So Can You Speak Globish?
English is the global language of business, yet English is also the native tongue of relatively few people, and it is notoriously hard to learn. What can be done? Jean-Paul Nerrière came up with an answer: Globish, a kind of simplified English that is vastly easier to use and can work almost as well as a full command of the language in most business situations.
Nerrière, a Frenchman, was an international vice president of marketing at IBM when he noticed a pattern in how non-native English speakers communicated at conferences. As Michael Sakpinker writes in the Financial Times, he observed that
when a Japanese employee met a Belgian, a Chilean and an Italian, they managed. None spoke English brilliantly but each knew the others were making mistakes too. When an American or British manager walked in, everything changed. The native speakers talked too fast and used mysterious expressions.
The secret was to employ a stripped-down vocabulary and, crucially, avoid all figurative language and never tell jokes. So Nerrière developed a list of 1,500 English words that he is convinced you can use to communicate just about anything, and he has been building a business in training people to speak with that basic vocabulary. At his website, globish.com, Nerrière describes his simplified tongue in a seven-minute video done entirely in Globish. It doesn’t sound crude or lacking, though Nerrière retains a strong French accent.
Is this really a language? Or is it really a kind of pidgin, a stepping stone to a language? Robert McCrum, of the Observer, who has written a book titled Globish, says it’s actually designed to be a barrier to be full English:
A good European, Nerriere describes Globish as a device that will ‘limit the influence of the English language dramatically’. He says: ‘I am helping the rescue of French, and of all the languages that are threatened by English today but which will not be at all endangered by Globish. It is in the best interests of non-Anglophone countries to support Globish, especially if you like your culture and its language.’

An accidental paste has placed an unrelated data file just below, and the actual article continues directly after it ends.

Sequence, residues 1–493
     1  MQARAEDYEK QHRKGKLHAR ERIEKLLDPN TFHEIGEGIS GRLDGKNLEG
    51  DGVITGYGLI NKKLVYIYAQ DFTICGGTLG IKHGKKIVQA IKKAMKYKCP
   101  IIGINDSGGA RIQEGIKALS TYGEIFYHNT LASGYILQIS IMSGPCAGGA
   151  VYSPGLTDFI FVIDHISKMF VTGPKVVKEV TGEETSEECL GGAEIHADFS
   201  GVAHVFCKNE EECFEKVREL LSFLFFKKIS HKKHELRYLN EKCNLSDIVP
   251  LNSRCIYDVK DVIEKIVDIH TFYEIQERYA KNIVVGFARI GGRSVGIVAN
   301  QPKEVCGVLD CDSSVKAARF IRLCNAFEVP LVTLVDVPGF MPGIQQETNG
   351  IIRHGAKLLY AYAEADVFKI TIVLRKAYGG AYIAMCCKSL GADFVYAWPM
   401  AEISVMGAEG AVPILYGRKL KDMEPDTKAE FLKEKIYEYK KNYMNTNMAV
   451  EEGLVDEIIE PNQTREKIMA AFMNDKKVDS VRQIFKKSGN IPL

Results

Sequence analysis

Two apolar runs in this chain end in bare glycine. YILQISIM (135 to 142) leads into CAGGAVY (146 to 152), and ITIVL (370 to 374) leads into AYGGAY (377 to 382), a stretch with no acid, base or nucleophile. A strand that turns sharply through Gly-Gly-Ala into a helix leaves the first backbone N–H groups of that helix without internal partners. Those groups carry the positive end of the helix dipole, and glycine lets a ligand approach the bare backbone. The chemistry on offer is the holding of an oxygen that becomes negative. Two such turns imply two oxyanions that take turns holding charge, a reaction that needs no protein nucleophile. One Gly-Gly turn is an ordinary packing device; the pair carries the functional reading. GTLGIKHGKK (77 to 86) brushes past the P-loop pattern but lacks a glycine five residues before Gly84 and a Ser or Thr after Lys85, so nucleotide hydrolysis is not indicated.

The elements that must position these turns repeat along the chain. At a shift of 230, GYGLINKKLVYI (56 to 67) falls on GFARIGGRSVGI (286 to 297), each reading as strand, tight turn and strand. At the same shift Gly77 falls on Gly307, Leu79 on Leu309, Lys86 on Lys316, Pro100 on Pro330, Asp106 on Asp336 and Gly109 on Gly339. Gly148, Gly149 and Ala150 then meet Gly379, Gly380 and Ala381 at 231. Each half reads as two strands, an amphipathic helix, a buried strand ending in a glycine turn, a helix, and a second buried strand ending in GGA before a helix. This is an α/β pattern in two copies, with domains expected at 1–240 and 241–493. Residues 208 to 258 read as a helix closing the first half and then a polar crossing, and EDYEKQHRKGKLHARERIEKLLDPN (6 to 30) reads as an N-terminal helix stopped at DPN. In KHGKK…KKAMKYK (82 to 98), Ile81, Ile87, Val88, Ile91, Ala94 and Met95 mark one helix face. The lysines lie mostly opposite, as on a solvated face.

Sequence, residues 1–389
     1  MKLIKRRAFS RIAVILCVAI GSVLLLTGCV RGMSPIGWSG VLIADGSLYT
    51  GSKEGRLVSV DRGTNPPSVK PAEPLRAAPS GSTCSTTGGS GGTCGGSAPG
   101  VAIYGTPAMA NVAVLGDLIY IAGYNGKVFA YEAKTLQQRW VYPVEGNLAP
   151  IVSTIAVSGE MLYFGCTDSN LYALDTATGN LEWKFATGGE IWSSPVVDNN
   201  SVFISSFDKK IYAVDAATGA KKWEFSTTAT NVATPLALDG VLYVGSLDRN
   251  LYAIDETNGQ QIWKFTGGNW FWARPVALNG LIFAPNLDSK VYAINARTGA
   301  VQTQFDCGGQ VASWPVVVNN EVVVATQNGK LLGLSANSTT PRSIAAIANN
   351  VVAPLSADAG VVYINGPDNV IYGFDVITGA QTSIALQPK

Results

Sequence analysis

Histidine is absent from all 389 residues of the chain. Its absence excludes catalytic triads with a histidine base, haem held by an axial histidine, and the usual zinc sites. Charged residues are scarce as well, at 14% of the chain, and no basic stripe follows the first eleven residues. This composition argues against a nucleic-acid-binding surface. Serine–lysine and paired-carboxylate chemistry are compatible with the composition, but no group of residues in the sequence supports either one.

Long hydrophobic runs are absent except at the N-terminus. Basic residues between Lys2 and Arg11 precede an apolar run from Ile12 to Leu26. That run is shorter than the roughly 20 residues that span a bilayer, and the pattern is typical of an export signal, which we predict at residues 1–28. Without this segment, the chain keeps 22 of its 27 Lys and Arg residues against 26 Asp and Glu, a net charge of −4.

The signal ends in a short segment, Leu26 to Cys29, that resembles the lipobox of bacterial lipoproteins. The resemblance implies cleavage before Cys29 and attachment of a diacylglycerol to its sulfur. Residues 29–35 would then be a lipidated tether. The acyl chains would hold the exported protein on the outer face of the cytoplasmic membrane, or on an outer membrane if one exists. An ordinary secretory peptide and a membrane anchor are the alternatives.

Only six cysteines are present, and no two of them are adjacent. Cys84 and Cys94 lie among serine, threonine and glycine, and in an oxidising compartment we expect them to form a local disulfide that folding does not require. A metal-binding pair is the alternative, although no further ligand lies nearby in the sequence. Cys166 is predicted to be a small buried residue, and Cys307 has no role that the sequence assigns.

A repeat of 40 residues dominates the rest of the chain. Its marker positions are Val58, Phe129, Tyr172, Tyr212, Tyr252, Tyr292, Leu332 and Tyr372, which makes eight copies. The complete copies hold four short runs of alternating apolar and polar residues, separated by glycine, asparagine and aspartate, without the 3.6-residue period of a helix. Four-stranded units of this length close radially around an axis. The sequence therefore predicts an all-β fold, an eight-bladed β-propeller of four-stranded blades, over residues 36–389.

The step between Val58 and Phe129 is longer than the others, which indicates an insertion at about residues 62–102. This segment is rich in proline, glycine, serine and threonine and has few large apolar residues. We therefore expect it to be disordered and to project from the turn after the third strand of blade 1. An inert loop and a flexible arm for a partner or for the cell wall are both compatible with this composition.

Isaac Chotiner, in The New Yorker, has observed that Globish “is an overwhelmingly economic phenomenon—the language of Singaporean businessmen closing deals with the help of a small arsenal of English words, and of European officials calming financial markets by uttering stock phrases on television.”
The world market for communication will make or break the future of Globish, but it probably can’t ever be more than a stepping stone. Sakpinker describes chairing a panel of the heads of international telecom companies:
Their vocabulary is bigger than 1,500 words. They engage with native English speakers with confidence. And they are taking over the world. . . . The discussions were fast, free-flowing – and entirely in English. There were frequent questions from the audience. . . . You can appreciate how impressive this is only if you have attempted to master a foreign language yourself. These elite performers actually do better than many native English speakers.
The need for a global language is a big part of the fact of globalization, and the dominance of English looks inevitable for a good long time to come. Those with a gift for learning languages are bound to have a big advantage. For everyone else, why not start with Globish?
Taken from Forbes.com: 01.03.12